My gray hair saved me 79 cents on a bagel sandwich the other day. Yay.
At 57 years old, I don’t yet qualify for the senior discount at Einstein’s Bagels. I thanked the 20-something cashier for including it without me asking for it. He responded with double-edged graciousness: “Well, I saw all the gray hair, figured you’d had a hard life, and thought you could use a break.” I was grateful – kinda.
I was smiling about that interaction a few days later, when I decided to do the math to see just how far I am into life. I have to admit that the results gave me pause. Since the lifespan of the average American male is 76 years, I am exactly three quarters of the way from the cradle to the grave.
How’s that for a sobering thought? I’ve already spent 75% of the time I can expect to live on this planet. My earthly past is three times larger than my earthly future. For a few minutes, those were the thoughts that filled my mind.
But then a picture from the sports world came to me – I’m headed into the fourth quarter. Any football fan knows how important that is. The game is won or lost in the fourth quarter. The first three quarters simply set the stage for the most important of the four. Many teams and fans hold up four fingers heading into that quarter, as a kind of rallying cry and reminder: “The fourth quarter is ours!” Teams that own the fourth quarter tend to win the game.
Inspired by that thought, I’ve made some commitments as I head into the fourth quarter of my life. If these apply to you, I invite you to consider them – feel free to embrace the ones you like. You are welcome to add others in the comment section if you wish.
- I will cultivate an intimate walk with God all the way to the finish line – whenever that comes. Jesus Christ has given me something priceless in bringing me to my Heavenly Father and filling me with the Holy Spirit. I will not allow that relationship to grow stale. I know it can happen, but I also know it can be avoided. The discipline of Sabbath rest has added new depth and joy to my walk, and I commend it to you if you are sensing the need for something fresh – you can browse this blog, or check out the summary posts here and here. There are plenty of ways to avoid the stifling danger of spiritual routine, and I encourage you to search until you find one that works for you.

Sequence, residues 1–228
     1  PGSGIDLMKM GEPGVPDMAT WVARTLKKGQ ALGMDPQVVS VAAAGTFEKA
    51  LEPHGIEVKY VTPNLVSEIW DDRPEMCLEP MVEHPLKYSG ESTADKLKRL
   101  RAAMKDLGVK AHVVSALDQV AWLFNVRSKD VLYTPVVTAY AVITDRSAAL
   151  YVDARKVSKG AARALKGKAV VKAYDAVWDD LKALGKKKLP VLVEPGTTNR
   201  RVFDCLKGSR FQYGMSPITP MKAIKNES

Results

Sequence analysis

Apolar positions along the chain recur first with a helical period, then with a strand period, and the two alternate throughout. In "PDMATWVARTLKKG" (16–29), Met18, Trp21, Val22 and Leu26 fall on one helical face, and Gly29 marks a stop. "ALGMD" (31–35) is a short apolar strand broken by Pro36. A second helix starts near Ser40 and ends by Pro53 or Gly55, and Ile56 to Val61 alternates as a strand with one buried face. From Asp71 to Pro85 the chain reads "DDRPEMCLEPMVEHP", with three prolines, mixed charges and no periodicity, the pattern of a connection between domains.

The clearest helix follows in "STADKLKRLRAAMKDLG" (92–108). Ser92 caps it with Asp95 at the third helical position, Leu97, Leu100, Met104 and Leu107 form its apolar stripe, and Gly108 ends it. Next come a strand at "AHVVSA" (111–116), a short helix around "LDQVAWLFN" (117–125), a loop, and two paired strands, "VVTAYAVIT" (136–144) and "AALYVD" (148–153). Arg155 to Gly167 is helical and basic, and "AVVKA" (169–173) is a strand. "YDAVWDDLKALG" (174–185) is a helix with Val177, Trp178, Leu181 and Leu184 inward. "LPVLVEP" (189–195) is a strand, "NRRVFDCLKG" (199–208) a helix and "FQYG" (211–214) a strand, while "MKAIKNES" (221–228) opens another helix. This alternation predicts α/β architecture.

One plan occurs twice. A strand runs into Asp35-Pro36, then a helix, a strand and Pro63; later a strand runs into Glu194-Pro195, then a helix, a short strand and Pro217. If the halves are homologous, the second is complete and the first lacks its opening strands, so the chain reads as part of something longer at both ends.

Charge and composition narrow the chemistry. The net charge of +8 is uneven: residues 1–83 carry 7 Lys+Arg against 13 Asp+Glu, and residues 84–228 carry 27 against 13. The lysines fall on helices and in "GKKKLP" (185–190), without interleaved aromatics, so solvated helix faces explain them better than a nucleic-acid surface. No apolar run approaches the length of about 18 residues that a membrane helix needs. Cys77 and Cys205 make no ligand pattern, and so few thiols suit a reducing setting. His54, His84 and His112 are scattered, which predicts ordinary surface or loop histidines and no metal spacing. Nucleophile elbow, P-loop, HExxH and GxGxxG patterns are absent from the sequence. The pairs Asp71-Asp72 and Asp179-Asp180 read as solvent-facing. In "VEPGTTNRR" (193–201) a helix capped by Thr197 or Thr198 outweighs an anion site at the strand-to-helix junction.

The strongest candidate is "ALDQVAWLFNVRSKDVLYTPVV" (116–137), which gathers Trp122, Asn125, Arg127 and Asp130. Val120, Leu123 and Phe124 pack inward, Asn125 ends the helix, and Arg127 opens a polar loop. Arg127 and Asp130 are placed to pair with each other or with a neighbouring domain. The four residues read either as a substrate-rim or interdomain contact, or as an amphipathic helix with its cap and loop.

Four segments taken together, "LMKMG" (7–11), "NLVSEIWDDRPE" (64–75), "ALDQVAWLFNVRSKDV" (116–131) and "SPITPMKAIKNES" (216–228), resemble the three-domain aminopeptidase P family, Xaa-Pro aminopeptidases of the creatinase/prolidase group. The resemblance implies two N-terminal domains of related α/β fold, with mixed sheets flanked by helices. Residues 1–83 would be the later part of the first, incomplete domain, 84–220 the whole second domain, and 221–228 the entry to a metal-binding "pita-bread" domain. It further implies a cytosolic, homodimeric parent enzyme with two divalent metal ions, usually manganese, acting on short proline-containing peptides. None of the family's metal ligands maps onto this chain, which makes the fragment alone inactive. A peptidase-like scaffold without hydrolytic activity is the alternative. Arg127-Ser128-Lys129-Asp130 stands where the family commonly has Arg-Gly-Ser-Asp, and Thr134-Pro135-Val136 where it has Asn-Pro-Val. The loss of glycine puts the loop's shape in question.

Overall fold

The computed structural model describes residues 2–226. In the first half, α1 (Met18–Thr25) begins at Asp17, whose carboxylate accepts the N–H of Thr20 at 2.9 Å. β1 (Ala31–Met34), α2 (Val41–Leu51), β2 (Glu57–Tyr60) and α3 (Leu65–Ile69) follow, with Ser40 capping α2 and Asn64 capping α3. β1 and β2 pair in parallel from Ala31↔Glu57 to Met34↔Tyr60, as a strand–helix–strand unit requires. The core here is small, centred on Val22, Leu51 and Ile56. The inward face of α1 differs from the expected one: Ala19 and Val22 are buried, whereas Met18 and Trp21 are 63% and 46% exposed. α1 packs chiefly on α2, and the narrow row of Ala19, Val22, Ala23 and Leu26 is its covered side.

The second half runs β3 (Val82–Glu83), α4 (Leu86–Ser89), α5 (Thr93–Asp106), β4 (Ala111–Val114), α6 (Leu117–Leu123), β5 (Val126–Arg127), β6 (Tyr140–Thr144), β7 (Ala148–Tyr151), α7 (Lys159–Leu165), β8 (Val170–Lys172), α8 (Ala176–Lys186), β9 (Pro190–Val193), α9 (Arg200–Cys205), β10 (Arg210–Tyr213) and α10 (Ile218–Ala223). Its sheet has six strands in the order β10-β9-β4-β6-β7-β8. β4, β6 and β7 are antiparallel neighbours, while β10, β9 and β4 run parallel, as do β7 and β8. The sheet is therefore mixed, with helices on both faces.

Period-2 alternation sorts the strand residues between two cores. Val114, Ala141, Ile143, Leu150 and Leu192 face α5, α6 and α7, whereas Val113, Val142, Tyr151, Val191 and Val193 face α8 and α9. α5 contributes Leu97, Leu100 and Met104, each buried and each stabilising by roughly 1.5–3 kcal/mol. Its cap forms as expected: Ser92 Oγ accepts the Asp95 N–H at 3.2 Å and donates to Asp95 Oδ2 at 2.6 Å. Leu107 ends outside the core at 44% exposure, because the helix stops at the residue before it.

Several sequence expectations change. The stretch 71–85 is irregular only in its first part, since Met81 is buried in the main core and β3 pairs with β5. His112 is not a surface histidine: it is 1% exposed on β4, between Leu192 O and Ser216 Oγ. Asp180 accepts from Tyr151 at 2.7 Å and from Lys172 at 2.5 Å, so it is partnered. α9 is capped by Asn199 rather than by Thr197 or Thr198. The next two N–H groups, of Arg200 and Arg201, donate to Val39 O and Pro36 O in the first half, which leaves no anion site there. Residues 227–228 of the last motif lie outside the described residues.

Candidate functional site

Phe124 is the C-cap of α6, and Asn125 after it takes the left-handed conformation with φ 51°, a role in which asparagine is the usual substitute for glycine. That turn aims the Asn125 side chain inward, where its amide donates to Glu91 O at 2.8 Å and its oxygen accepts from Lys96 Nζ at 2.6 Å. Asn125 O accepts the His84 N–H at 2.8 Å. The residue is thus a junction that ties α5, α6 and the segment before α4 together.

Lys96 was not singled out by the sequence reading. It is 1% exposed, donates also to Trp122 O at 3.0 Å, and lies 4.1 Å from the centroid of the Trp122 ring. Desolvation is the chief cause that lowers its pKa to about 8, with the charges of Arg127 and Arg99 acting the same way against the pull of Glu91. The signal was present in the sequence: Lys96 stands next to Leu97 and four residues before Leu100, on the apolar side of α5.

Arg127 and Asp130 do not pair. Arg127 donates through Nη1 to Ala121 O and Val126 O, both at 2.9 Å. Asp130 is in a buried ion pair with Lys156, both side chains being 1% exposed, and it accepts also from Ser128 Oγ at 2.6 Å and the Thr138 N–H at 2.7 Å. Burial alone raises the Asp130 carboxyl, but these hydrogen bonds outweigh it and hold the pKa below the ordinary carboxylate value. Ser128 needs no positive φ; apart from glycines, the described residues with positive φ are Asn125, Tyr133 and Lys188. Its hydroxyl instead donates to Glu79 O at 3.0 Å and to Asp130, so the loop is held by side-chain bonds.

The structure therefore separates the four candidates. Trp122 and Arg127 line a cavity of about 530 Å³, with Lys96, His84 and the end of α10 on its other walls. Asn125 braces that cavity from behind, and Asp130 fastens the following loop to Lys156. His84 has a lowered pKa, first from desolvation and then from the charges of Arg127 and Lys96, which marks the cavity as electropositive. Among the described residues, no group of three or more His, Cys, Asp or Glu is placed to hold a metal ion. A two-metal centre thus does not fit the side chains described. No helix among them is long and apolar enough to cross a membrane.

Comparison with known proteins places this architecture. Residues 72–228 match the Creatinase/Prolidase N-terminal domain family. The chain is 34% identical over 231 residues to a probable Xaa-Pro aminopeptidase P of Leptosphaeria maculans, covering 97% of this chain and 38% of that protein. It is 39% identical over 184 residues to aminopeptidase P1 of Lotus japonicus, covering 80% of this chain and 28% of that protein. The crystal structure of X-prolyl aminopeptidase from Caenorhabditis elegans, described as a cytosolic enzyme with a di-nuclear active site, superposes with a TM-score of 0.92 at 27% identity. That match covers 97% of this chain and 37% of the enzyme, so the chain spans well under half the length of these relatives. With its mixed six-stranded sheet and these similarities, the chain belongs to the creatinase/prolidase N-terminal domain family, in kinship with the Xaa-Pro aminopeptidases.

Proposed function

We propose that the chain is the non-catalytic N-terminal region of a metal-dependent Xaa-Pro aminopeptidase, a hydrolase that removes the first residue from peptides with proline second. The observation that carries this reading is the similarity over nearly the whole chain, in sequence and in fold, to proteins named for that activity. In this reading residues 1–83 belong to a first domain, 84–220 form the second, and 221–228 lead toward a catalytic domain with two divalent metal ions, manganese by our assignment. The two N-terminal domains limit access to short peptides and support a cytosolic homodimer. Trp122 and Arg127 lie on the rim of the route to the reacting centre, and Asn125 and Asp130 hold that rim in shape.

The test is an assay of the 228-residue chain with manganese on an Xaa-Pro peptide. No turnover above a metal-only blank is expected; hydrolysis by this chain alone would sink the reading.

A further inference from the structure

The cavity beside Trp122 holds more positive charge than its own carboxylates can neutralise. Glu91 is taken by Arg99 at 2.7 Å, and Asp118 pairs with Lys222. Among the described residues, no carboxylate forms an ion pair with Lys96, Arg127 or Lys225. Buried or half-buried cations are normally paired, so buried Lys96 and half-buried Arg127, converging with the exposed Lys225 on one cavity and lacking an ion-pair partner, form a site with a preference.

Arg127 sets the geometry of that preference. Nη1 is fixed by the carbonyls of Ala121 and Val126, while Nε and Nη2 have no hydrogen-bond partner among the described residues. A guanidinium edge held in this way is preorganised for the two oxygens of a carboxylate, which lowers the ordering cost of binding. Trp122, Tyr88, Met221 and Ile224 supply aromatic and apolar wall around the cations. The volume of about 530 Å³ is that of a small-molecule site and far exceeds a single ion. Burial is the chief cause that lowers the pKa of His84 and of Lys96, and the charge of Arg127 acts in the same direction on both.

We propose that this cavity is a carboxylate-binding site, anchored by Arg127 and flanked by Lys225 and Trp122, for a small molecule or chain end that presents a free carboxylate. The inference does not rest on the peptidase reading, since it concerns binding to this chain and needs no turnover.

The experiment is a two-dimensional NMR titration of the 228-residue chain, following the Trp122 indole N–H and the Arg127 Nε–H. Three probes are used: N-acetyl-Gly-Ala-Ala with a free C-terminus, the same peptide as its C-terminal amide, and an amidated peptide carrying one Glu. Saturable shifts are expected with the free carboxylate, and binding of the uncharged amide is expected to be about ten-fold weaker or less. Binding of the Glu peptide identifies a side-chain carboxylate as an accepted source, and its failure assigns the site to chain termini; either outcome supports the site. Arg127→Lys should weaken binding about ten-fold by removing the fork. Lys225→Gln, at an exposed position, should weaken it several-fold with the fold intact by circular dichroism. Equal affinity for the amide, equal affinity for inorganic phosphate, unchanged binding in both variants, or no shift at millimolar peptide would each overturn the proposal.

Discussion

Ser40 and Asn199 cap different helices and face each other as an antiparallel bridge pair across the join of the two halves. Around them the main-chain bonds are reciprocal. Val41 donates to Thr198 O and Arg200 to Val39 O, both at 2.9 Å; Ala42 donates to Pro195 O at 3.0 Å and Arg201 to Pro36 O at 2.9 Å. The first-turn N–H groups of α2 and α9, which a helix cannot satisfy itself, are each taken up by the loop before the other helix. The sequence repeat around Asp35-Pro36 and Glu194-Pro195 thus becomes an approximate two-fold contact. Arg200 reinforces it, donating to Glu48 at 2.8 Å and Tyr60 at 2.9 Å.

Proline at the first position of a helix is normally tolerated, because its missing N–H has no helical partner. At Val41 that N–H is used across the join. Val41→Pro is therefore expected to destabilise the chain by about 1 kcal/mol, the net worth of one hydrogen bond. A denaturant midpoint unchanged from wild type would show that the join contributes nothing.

- I will remain as physically active as my health allows. I know that we often slow down because our bodies break down. But in some cases, our bodies break down because we slow down. A commitment to healthy exercise can change the last quarter. I’m committed to staying as active as possible. The health benefits are obvious – and I’m a little embarrassed to admit how fun it is to pass people half my age on an uphill hike!
- I will invest time and energy in the next generation of church leadership. Studies show that the millennial generation is eager to get to know those of us who have a little more mileage on the odometer, and I have seen that to be true. They welcome the discipleship process that Paul describes in 2 Timothy 2:2. I am committed to spending regular, intentional time with at least three young leaders every year. It’s an investment in the future, and brings great joy in the present.
- I will stay out of the way of the next generation of church leadership. Every generation seems to want to impose its preferences on the next one. There are stands worth taking, but they are far fewer than we think. Most of the conflicts with younger generations revolve around personal preference, and I won’t die on those hills. These people need to lead in the way they see fit. I’m glad to help, but sometimes the best way to help is to make room for new leaders to serve in their own way. It’s what I wanted others to do for me 30 years ago, and many did. Now it’s my turn.
I’m excited about this next season. I have no idea what it will look like, but I’m eager to see what happens. After all, this is where the game is won or lost.
Hold those fingers high, team. The fourth quarter is ours!
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